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How to treat dog dementia for a happy pet

As pets age, you’re bound to encounter some new experiences, including evolving medical needs like incontinence and dementia. Although one may be familiar with the way dementia works in people, it’s not as straightforward when you can’t communicate with your pet in words. Caring for a dog with dementia might seem overwhelming, but both you and your pet are more than capable of adapting.

Of course, your best resource for dementia-related needs is your dog’s trusted veterinarian. They’ll have the most appropriate guidance based on your dog’s specific experiences, which will make your work much easier. But until then, here’s what you need to know about taking care of a dog with dementia.

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What is dog dementia?

Dog dementia — also known as canine cognitive dysfunction (CCD) — is a degenerative neurological disorder that affects many geriatric pets, including dogs. It can cause confusion, anxiety, and a shift in your pup’s circadian rhythm (what helps her sleep at night and stay awake during daylight hours). These are many of the same symptoms seen in people with dementia.

Here’s the difference — one that often catches owners by surprise: CCD is often fast acting. Veterinarian Cameron Fay explains to ABC Australia, “With dogs and cats, everything is in fast-forward. You’ve got a puppy, then an adult dog … a senior, and finally the geriatric. And that happens in a short space of time. Sometimes it’s a matter of months [where] you can see that mental decline in them.”

a senior black french bulldog lies in a fluffy gray bed

Symptoms of canine dementia

Hill’s Pet provides a helpful list of symptoms and signs to look out for as your dog ages: DISH.

  • Disorientation. This can include wandering, pacing, becoming lost in familiar places, getting stuck in or around furniture, and not responding to name or commands.
  • Interaction. This can include unfamiliarity with people and animals they know, less interested in interaction, and no longer greeting family members.
  • Sleep/Activity. This can include more frequent sleep, sleeping during the daytime, reduced activity, lack of interest in play, barking or howling at night, and increased confusion in the late afternoon and evening (sundowning).
  • House training. This can include accidents in inappropriate places, or wanting to go outside quickly after coming inside.

Some pet parents like to add another A to the end of the acronym to symbolize increased anxiety and changes in daily activities (via Hill’s Pet).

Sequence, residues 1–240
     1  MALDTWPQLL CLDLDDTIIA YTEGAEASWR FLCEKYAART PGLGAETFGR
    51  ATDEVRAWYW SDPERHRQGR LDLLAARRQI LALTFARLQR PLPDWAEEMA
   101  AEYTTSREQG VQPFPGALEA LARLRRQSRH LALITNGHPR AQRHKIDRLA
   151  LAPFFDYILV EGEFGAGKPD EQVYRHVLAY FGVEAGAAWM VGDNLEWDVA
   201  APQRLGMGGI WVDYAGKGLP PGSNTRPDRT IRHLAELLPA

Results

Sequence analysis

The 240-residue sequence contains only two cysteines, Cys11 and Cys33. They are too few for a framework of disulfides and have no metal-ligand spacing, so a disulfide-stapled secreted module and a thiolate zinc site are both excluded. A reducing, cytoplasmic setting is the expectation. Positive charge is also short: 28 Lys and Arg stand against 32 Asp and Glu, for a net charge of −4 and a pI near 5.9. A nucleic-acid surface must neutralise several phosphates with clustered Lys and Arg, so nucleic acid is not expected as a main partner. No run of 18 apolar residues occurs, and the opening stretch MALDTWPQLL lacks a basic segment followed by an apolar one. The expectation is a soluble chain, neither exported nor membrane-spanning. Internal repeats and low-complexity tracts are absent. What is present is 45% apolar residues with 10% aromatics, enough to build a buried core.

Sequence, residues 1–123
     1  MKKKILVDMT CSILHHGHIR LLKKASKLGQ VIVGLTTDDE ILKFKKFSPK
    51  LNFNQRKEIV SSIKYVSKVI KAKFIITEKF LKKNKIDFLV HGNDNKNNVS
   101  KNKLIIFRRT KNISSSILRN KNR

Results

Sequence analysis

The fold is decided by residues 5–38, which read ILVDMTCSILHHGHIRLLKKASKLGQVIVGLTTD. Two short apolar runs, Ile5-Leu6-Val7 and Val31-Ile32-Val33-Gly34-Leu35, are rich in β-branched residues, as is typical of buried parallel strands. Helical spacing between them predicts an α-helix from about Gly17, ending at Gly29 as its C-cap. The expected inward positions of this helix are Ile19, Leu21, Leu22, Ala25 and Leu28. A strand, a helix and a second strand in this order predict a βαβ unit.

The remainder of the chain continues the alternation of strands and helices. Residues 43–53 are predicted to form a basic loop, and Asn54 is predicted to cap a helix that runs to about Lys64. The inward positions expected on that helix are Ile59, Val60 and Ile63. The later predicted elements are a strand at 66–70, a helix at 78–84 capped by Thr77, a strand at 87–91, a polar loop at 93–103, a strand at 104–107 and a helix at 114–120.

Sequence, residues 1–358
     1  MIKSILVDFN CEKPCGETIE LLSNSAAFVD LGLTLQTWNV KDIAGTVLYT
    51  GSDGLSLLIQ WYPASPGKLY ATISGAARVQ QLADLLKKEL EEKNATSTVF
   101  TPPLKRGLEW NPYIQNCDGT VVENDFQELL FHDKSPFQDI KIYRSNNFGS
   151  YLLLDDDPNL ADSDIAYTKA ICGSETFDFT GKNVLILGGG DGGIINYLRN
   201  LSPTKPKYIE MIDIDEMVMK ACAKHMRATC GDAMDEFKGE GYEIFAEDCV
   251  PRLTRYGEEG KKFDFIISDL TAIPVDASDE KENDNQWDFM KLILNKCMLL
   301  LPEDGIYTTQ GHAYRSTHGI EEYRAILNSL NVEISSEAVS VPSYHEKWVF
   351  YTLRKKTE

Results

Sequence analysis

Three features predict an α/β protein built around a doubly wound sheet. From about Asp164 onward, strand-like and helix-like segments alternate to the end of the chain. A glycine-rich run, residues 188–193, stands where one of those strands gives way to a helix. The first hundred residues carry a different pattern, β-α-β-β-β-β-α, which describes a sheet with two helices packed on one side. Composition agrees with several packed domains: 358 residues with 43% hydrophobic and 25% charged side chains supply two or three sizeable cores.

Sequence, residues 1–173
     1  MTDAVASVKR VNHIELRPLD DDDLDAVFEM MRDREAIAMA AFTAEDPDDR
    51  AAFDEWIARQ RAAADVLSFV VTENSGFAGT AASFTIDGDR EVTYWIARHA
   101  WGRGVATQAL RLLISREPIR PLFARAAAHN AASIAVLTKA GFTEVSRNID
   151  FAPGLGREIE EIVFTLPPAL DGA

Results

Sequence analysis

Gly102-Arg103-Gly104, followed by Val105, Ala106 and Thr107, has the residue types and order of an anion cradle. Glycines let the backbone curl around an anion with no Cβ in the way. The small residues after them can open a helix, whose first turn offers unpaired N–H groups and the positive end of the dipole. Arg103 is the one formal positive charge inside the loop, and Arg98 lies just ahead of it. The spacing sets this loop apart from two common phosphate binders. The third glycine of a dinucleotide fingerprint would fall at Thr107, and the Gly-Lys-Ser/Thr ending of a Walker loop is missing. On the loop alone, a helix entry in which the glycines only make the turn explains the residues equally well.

Is dementia stressful for dogs?

Unfortunately, canine cognitive dysfunction can be highly stressful for both pets and owners. It doesn’t help that many of the symptoms are misattributed to normal, age-related decline, which then results in a lack of proper care (unknowingly, of course).

Imagine how you might feel if you were suddenly stuck in an unfamiliar place with no clue of how to get out, where to go, or what to do — this can be the reality for pets with severe forms of dementia. For others, CCD might seem more like inconvenient “senior moments” or anywhere in between.

a senior cocker spaniel lies in the grass outside
Angyalosi Beata/Shutterstock

Caring for a dog with dementia

Ultimately, there is no cure for dementia in dogs. However, there are many options you can take to keep your pup happy and healthy, though your vet can advise you which is your best route.

  • A drug called selegiline may help ease the progression of the symptoms, while anti-anxiety medications can help pups who are already in distress.
  • To keep your senior fur baby as stress-free as possible, try to stick to a daily schedule as much as you can. Life happens sometimes, so it’s okay if you’re not perfect, but this will help ensure all your dog’s needs are met. This can reduce anxiety greatly — for both of you!
  • Possibly most importantly, make sure your dog has plenty of mental stimulation. Puzzle toys and treat-releasing Kongs are great for this. Nothing can replace interaction, though, so make sure to have some light playtime and training if and when you can. A little can go a long way!
  • Even if you can’t go for long walks anymore, letting your pup wander and take in the smells of the neighborhood can be great for her mental and physical health. It will also help make the bathroom accessible for your pet, whether through a potty pad or doggy door.

A diagnosis of CCD is by no means an end-of-life sentence, especially with top-notch care like yours, but you also should never dismiss any of your dog’s symptoms or sudden behavior changes. By keeping a close eye and making some mindful changes, you can keep your dog feeling confident, calm, and like herself for much longer. It’s the least you would do for your best friend, after all.

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